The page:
Dirty Stories

By v. h. godkin

I had been traveling for the B______ Company for about a year, having a fair amount of success. But a salesman for my chief competitor always seemed to me to be selling rings around me. He dressed better, acted more confident and prosperous, and had a manner that, to me, seemed to bring all the choice orders his way.

Determined to find out the reason for his apparent success, I studied him every chance I got, and this was often, as we crossed each other’s trail several times a week. Sometimes, I would walk into a store just as he was writing an order in his book. Again, he would come in just as I was leaving.

Finally, one day he came in just as I finished writing up an order for a merchant, and making the excuse that I had a little time to kill before my train was due, I hung around within earshot to listen to his canvass. Within a few minutes, I thought I had found out the key to his success.

Greeting the buyer affably, he almost immediately launched into a new “story” that he had recently heard. It was a rather smutty one, but he laughed loudly at its conclusion, and the buyer appeared to enjoy it, too.

“Here,” I thought, “is his secret. He tells them stories and gets them in good humor, then it is an easy matter to write up their orders.”

To make sure of my discovery I watched him again at the first opportunity, and he repeated the process, using another “off color” story, and getting a good sized order.

“If that’s what gets the business, then I’m going after it too,” thought I. And immediately I proceeded to learn a couple of good (?) stores. I spent an evening practicing them in my room, and the next morning went forth to knock ’em cold.

My first prospect was a big general merchant in a small town. I had always secured an order from him with comparative ease, for a soon as he was at liberty he handed me his want book, and I copied down the items he needed.

It was a rather cool morning, and a group of loungers was gathered around the big stove in the rear, so I went back and joined in the general conversation while the merchant waited on a customer. But in a few minutes he came back by the stove, and I launched into one of my stories.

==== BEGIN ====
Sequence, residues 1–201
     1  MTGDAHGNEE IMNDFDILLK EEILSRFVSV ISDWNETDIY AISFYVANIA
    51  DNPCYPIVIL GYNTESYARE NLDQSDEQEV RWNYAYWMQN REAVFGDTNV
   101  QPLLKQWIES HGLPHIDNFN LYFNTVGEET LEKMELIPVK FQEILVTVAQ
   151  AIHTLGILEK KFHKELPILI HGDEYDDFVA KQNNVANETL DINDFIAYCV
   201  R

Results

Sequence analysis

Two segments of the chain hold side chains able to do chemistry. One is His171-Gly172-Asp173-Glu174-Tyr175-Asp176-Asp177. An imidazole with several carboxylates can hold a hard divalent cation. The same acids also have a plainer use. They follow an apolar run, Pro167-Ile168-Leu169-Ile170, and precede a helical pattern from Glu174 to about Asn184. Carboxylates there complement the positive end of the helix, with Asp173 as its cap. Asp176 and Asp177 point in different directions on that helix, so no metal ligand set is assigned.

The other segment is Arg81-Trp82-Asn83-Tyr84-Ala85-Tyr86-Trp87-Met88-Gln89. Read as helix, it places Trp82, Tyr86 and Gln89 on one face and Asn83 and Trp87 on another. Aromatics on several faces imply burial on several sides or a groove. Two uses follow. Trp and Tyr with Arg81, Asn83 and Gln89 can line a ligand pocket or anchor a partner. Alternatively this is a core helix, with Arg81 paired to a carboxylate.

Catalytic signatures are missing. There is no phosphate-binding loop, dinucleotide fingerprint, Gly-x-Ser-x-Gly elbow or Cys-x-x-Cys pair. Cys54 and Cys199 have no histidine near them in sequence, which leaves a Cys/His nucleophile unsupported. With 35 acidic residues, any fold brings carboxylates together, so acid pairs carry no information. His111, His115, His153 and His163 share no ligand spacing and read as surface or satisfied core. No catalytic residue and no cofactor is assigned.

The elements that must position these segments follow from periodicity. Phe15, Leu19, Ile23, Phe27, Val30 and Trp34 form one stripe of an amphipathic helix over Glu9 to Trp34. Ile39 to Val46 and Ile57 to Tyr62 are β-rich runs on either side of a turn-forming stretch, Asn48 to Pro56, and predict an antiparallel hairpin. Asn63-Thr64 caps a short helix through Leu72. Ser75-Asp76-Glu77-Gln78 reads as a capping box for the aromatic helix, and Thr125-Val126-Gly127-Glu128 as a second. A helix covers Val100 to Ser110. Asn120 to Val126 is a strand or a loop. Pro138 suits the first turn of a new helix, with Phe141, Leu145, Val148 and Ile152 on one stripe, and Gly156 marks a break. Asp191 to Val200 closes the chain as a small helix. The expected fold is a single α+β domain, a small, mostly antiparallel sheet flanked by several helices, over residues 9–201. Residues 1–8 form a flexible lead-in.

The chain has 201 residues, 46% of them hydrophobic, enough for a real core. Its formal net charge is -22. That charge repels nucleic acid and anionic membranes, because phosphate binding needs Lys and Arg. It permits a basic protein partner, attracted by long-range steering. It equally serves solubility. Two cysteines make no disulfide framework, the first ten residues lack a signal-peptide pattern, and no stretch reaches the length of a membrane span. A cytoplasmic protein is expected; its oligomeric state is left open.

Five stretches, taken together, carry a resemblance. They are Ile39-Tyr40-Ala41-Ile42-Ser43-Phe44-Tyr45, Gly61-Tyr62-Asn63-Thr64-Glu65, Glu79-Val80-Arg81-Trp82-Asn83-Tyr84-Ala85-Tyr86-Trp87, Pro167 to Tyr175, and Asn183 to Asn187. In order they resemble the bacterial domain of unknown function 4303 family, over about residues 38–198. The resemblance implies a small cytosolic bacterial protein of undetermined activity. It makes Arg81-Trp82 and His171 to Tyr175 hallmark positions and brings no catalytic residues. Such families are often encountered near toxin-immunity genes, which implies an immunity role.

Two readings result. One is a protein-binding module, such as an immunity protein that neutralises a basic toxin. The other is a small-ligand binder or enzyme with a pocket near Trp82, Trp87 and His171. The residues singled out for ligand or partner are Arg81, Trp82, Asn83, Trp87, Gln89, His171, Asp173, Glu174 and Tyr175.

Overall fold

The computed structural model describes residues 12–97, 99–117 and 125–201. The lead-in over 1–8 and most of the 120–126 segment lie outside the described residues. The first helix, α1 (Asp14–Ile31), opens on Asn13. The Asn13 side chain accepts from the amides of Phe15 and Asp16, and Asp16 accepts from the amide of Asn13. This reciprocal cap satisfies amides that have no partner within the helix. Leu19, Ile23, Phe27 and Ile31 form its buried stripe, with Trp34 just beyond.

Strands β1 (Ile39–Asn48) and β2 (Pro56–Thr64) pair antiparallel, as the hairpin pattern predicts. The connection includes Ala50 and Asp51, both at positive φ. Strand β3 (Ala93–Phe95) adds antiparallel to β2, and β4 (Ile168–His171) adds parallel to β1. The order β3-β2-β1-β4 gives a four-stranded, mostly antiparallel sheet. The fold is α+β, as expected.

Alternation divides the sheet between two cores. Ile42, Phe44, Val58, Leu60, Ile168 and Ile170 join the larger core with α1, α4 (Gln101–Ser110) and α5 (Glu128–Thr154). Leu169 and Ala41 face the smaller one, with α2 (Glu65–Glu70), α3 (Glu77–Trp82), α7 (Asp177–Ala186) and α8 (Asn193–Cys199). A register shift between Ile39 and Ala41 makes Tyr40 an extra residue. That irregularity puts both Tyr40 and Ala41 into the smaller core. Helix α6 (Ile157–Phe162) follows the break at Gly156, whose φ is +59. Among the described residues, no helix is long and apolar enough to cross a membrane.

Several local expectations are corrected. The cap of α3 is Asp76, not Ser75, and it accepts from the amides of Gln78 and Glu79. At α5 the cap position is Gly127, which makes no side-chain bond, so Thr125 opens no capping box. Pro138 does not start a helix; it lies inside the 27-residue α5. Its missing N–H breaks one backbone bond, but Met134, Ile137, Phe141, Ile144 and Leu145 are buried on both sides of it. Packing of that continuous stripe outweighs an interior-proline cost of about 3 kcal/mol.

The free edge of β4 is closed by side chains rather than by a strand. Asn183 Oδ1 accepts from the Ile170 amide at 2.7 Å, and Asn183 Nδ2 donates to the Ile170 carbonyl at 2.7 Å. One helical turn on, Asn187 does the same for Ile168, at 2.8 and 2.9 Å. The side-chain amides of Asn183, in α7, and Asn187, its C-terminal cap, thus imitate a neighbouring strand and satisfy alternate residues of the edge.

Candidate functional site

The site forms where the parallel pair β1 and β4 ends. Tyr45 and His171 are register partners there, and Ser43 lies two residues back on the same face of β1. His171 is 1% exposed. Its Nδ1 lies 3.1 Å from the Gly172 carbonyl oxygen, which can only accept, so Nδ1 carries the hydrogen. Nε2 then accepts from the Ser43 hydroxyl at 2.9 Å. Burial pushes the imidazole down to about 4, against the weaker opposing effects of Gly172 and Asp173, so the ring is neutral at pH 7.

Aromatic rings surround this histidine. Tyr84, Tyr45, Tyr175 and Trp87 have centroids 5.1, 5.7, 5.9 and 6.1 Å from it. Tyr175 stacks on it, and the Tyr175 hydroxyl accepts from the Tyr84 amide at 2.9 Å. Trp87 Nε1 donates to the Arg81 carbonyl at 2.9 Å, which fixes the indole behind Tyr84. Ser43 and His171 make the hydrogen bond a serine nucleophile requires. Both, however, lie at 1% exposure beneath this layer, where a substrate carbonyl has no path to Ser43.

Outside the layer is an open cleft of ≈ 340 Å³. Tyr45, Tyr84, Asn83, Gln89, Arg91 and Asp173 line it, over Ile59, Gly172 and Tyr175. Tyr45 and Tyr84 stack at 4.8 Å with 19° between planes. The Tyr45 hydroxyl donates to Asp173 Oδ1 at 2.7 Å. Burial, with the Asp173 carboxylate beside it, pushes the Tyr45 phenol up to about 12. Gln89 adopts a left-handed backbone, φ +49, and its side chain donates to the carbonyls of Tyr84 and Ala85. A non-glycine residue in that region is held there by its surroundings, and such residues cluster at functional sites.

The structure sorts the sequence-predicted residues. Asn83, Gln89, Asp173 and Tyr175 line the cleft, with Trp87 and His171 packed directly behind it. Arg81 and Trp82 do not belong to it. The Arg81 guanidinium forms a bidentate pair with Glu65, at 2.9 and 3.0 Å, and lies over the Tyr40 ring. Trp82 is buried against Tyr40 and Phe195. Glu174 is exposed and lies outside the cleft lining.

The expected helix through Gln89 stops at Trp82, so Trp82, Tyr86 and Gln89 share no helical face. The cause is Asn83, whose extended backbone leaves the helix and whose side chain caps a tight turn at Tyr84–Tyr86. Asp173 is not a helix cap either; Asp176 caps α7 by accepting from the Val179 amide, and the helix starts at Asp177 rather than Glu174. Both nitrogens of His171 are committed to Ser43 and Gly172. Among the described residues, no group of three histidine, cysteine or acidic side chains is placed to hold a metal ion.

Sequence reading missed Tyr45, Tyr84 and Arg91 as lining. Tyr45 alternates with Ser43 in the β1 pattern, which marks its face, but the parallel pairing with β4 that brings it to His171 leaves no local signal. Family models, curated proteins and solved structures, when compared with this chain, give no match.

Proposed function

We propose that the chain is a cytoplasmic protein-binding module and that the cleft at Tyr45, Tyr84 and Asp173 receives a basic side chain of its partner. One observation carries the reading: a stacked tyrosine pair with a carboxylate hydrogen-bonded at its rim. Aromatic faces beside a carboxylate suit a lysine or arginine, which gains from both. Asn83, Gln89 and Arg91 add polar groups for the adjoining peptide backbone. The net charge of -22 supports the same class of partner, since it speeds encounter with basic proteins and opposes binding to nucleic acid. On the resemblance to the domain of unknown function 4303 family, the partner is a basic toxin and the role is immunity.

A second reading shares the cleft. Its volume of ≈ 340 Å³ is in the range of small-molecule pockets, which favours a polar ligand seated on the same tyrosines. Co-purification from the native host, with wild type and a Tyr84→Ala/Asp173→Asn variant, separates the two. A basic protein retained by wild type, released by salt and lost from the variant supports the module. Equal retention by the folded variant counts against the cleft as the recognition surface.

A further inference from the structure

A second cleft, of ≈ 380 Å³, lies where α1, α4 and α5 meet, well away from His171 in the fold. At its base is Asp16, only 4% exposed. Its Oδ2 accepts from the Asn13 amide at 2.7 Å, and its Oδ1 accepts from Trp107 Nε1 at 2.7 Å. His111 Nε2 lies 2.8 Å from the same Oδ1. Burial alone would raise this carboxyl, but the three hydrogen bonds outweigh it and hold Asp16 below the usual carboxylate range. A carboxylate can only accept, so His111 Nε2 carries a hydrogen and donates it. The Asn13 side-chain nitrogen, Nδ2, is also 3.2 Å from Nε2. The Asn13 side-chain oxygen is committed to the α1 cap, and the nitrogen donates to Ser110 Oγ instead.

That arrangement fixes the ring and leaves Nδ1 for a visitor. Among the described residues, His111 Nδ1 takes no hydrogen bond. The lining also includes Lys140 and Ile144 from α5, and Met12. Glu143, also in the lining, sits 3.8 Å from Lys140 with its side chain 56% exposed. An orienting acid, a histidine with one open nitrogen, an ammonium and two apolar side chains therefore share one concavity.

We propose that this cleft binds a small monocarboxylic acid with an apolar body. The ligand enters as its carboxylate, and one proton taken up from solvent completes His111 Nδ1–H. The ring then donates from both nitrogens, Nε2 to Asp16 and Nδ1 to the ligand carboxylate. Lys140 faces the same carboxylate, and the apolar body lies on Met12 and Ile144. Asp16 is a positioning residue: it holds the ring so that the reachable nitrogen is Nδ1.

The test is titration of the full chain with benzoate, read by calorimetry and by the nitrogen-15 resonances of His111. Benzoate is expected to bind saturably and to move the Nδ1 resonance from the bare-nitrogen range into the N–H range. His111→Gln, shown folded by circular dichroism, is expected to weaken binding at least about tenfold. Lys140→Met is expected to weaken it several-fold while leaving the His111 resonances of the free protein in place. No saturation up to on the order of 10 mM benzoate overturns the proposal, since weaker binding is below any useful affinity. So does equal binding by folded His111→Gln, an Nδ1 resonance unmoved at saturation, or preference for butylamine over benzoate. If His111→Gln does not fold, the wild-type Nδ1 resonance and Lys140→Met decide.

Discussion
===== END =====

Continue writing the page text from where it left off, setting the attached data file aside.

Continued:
At its conclusion the group laughed loud and long. I felt quite pleased with myself, and immediately told the second story. This one brought forth more laughter than the first one from the group, and I felt I had make a hit. I could turn the trick just as well as my competitor.

Glancing around to where I thought the merchant had been standing, I was surprised to find him missing from the group. However, a second look showed him marking some goods at the rear, so I confidently approached and greeted him affably.

Mr. Merchant returned my greeting courteously, but without enthusiasm, and quickly informed me that he was not in need of anything today.

I could hardly believe my ears, for I had always secured some king of an order from him, and confidently felt that after my display of funny stories he would do even better by me.

I t happened that I went into the office the next morning, and you can image my surprise when the boss informed me that this same merchant had telephoned in an order the night before.

“Weren’t you up there yesterday?” the boss inquired.

Of course I told him that I was and suggested that the merchant had not discovered that he needed anything till after I had left. I tried to console myself with the same thought, but when I called on this merchant the next week, he again politely informed me that he needed nothing.

Convinced that something was wrong, I went outside and walked around for a half hour, trying to locate the trouble. Then, a thought occurred to me, and I made a beeline back to the store.

“Mr. Henry,” I began, as soon as I had cornered him alone, “I want to ask you a question, and I’d like to have you be perfectly frank with me in answering.”

He gave me a searching look, but told me to shoot.

“Last week you refused to give me an order, but phoned it in to the office after I had left. Today you again turned me down.” I paused a moment and looked him squarely in the eye.

“Now, here’s what I would like to know. Did you turn me down because of those stories I told here last week?”

He eyed me narrowly for a minute, then nodded his head.

“Yes,” was the short answer.

I had guessed right.

During the next five minutes I did some of the tallest talking I’ve ever indulged in. I took him completely into my confidence, and told him just how I came to tell the stories, ending up with the statement: “That was the first and only time I have done a thing of that sort, and believe me it’s going to be the last, if I never sell another cent’s worth of goods.”

All during my recital he had watched me closely, and when I finished he grasped my hand and shook it warmly. “Boy, I believe you. Just stick to that resolution–for a clean salesman always gets farther than a dirty one. Now, get out your order book and started writing.”

He gave me the largest order I had ever written and in the bargain told me, from his years of observation and experience, just why some men were better salesmen than others and how I could improve my methods.

And the best part of it was that he had the right dope on it. By following his suggestions I became one of the high men for our company and was soon outselling my story-telling competitor, while he hit the down grade and finally lost his job.

Since then I have never resorted to dirty stories. I hesitate to think what the result might have been had I not right-about-faced when I did.